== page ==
US Fish and Wildlife Service recommended rusty patched bumblebees be considered as an endangered species.
The species of bee is said to have vanished from 90% of their historic range in the last 20-years.
Multiple problems are causing bumblebees around the nation to vanish.
In Canada the rusty patched bumblebee is already on the endangered species list.
Rusty patch bumblebees have been recommended to be listed as an endangered species by federal officials.
The recommendation follows a large percentage of the bumble bee population no longer being seen grazing in 90% of their historic range. The bumblebees have disappeared from these areas at this significantly alarming rate in only the last twenty years.
The Xerces Society first petitioned for the bumblebee in 2013.
The Xerces Society, out of Portland, Oregan, petitioned the agency in regards to the bumblebee back in 2013. The reasons behind the lack of bumblebees that the Xerces Society discovered were disturbing, to say the least.
There is not one reason in particular that is exterminating the rusty patched bumblebee. It is a combination of disease, loss of natural habitat, climate change, and the dousing commercial crops in pesticides.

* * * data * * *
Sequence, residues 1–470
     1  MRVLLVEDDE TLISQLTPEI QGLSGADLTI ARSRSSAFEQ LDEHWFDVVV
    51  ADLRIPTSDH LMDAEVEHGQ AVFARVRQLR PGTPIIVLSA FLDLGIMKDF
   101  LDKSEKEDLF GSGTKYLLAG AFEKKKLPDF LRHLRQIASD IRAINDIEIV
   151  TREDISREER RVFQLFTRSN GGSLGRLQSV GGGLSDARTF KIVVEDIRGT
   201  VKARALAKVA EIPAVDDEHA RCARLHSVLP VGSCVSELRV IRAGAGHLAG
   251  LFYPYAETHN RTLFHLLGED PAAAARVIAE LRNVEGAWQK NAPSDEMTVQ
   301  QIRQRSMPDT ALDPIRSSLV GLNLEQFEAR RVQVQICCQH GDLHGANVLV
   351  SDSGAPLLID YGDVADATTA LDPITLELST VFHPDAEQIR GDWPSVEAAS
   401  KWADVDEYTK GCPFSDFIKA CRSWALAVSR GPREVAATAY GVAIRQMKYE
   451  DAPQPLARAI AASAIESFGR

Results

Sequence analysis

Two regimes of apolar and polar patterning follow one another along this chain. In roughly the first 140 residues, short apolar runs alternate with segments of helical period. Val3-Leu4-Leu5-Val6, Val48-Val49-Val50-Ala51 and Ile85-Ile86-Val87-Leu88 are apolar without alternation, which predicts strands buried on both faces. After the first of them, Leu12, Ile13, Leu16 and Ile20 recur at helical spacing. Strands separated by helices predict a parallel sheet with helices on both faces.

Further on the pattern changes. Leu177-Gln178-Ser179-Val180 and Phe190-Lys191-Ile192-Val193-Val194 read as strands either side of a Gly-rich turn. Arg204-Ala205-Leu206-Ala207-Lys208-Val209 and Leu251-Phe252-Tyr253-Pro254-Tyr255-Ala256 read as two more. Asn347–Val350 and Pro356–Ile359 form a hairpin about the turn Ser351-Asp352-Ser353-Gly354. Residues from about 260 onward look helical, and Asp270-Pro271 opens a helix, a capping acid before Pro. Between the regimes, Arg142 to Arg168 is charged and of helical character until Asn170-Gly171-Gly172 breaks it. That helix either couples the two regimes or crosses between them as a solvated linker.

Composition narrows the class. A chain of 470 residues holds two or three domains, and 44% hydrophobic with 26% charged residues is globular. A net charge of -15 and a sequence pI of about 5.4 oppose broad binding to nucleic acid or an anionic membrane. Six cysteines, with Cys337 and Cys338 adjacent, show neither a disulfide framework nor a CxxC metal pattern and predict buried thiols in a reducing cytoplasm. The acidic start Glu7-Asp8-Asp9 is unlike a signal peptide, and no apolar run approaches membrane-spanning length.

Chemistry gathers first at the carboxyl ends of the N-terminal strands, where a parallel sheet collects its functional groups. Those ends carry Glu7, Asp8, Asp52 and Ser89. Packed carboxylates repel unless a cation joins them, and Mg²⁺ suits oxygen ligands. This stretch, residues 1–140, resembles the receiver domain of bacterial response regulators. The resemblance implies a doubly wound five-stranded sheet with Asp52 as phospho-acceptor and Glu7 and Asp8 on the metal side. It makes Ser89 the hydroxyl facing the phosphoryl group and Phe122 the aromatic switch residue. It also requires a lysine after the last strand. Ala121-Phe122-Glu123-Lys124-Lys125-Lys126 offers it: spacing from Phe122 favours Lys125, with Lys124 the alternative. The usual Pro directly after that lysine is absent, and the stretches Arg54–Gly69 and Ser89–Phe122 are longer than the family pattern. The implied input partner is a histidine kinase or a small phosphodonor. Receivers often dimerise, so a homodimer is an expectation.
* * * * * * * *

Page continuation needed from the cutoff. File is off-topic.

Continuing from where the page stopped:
The rusty patched bumblebee would be the first bee in America labeled as endangered.
If the recommendation is passed, the rusty patch bumblebee will be the first bee listed as endangered in the United States. In Canada, bumblebees are already on the endangered species list.
The rusty patched bumblebee is just one of 4,000 native bees in the North American area. Due to the large size of the rusty patched bumblebee, they play a significant role in pollinating cranberries, blueberries, and tomatoes.
The rusty patched is not the only bumblebee that is facing possible extinction. Franklin’s Bumblebee, a native of California and Oregan, is listed as critically endangered by the International Union for Conservation of Nature.